Our main character, Kate, was Little Red Riding Hood for the most part. She’s a bold and loyal character that was very easy to root for. She’s on a quest to save her grandmother from an evil force and the story rotates around her realizing what this evil was (though the reveal was sort of anti-climatic for me).

Some of the imagery was enticingly creepy (like the embroidered images of classic characters being tortured) but as with most other things in the book not enough was done with them. It all seemed a bit rushed to me.

Final Thoughts:
Dead Upon a Time took a creative and unique look at the classic fairy-tale. I loved the twist on the typical and felt that though the characters were easy to like I never had a deep connection to them. Regardless, this book was an entertaining and fast read.

Review of The Game of Love and Death by Martha Brockenbrough

GameofLoveandDeathThe Game of Love and Death
By: Martha Brockenbrough
Release Date: April 2 2015
Publisher: Scholastic
Format: Hardcover
Source: Publisher

A copy of this book was provided by the publisher in exchange for an honest review.

My Rating:

Antony and Cleopatra. Helen of Troy and Paris. Romeo and Juliet. And now… Henry and Flora.

For centuries Love and Death have chosen their players. They have set the rules, rolled the dice, and kept close, ready to influence, angling for supremacy. And Death has always won. Always.

Could there ever be one time, one place, one pair whose love would truly tip the balance?

Meet Flora Saudade, an African-American girl who dreams of becoming the next Amelia Earhart by day and sings in the smoky jazz clubs of Seattle by night. Meet Henry Bishop, born a few blocks and a million worlds away, a white boy with his future assured—a wealthy adoptive family in the midst of the Great Depression, a college scholarship, and all the opportunities in the world seemingly available to him.

The players have been chosen. The dice have been rolled. But when human beings make moves of their own, what happens next is anyone’s guess.

Achingly romantic and brilliantly imagined, The Game of Love and Death is a love story you will never forget.

My Thoughts:
I was really excited about this book because I love seeing emotions personified. Neil Gaiman’s Sandman comes to mind first off when I think of Death or really any emotion as a being. The idea behind Death and Love having a game spanning decades with people as their game pieces? So much love for this idea!

For the most part I really enjoyed this book. It was a slower read for me and I took longer than usual (a couple weeks off and on) to read through it. I enjoyed reading it slowly and savoring it. The writing was really lovely and lyrical. Brockenbrough had a very smooth style that lent itself to this type of story very well.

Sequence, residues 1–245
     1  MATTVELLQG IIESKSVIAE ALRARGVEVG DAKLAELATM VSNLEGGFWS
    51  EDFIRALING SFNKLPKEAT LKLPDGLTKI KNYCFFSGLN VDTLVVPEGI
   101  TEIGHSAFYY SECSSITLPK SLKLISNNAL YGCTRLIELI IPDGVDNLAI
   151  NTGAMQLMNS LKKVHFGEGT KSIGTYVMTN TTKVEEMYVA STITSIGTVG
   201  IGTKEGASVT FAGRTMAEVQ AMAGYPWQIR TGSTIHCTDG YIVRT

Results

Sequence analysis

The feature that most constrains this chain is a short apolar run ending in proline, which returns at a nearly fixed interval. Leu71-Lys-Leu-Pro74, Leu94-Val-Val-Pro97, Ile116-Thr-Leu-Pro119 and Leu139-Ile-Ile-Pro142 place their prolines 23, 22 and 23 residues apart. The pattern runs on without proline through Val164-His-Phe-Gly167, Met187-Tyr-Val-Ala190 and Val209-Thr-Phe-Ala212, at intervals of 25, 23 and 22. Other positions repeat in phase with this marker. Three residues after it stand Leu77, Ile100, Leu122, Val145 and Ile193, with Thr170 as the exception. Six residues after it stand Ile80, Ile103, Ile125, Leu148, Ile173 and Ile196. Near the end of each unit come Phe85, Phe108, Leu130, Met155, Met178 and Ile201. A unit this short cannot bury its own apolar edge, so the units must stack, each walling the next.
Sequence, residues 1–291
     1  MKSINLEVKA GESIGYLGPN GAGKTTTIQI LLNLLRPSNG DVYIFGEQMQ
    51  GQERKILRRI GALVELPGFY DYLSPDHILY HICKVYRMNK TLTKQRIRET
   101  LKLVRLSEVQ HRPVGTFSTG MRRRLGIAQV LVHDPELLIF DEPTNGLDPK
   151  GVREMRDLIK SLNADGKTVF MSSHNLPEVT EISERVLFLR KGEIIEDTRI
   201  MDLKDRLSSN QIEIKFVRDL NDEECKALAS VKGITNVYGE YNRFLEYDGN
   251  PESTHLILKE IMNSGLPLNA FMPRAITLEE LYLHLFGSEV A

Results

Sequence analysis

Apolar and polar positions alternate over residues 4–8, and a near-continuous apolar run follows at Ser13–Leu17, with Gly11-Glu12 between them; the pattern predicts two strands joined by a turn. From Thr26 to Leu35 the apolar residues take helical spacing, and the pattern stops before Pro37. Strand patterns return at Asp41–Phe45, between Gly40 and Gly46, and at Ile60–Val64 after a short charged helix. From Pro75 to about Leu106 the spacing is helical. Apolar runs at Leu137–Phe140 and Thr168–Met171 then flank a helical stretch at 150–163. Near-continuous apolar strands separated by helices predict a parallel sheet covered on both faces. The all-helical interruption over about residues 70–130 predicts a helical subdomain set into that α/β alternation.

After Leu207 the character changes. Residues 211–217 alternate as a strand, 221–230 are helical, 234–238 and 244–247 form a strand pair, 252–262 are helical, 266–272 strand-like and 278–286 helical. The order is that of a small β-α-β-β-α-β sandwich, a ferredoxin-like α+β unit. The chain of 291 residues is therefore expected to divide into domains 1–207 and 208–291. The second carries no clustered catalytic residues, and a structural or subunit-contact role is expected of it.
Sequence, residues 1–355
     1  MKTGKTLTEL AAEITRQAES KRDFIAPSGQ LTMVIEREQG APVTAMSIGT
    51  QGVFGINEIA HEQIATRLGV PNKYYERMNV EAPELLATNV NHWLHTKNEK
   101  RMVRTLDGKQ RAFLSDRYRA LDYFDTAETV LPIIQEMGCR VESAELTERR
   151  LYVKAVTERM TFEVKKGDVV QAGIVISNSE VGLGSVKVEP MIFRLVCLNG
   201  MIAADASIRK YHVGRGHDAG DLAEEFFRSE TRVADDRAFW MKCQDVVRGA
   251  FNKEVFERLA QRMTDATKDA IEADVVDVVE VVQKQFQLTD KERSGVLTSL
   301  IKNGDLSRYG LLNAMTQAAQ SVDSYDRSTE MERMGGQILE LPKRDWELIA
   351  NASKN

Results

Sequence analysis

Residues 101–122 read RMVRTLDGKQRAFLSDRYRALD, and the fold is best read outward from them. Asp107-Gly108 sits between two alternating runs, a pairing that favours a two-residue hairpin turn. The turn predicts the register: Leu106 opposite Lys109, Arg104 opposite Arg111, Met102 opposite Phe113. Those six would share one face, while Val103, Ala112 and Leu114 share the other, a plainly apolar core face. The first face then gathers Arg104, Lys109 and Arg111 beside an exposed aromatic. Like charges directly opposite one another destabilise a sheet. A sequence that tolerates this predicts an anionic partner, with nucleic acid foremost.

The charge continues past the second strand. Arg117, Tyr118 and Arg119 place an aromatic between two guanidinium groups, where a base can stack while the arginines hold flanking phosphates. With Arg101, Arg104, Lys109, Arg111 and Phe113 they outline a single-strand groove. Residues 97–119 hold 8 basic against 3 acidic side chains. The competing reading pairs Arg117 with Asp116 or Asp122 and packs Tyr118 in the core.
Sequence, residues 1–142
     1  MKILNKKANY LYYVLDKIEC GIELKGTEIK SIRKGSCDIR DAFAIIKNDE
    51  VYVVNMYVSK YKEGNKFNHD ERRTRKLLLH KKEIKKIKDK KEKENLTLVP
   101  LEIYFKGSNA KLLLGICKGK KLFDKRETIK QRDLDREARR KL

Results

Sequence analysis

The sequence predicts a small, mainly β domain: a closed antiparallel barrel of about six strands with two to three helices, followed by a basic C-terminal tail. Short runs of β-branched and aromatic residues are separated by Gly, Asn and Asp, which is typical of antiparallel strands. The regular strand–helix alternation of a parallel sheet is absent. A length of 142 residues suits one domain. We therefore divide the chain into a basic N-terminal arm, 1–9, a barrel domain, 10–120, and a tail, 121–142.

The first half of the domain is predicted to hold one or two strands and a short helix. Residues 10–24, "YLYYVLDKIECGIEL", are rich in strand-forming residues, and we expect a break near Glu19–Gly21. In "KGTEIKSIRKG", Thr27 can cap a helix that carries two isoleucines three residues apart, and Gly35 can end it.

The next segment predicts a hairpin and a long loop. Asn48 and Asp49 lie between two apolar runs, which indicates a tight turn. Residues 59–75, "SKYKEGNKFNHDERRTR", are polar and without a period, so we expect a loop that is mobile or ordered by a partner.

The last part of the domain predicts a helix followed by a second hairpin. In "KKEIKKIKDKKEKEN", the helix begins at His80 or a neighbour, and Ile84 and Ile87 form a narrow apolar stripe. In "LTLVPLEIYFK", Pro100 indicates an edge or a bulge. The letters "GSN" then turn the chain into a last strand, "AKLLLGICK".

I really enjoyed that this story focused on a time period I often don’t read about and took the subject of race and put it forefront without being heavy handed. I loved that we saw a few diverse characters and relationships. The idea of choosing someone society found to be ‘different’ and the struggle this would cause even doing things as simple as going out to eat really caused me to pause and think.

The characters were also likeable though I did run into a problem with the romance. I loved the idea behind it but for some reason I never really felt the chemistry between any of the characters. I liked them all, related and felt their struggles but I could never connect with them together and really feel their emotional attachment to one another. Honestly, this even went beyond the romance and even impacted the friendships for me. I went in excepting a love story that would have me swooning and I never had that.

This book was layered because we had the main characters- the pawns of the game you could say-and the otherworldly beings, Death and Love. You get point of views from them all and a chance to see behind Death and Love’s point of view. I found this to be interesting and possibly one of my favorite aspects. I will say that I never fully could grasp exactly why these two had this game they played. It made for a great story-line but I never felt like I totally got it if that makes sense?

Final Thoughts:
Overall a beautifully crafted and elegant book. I enjoyed the diversity of the characters and relationships though I never formed a real emotional connection.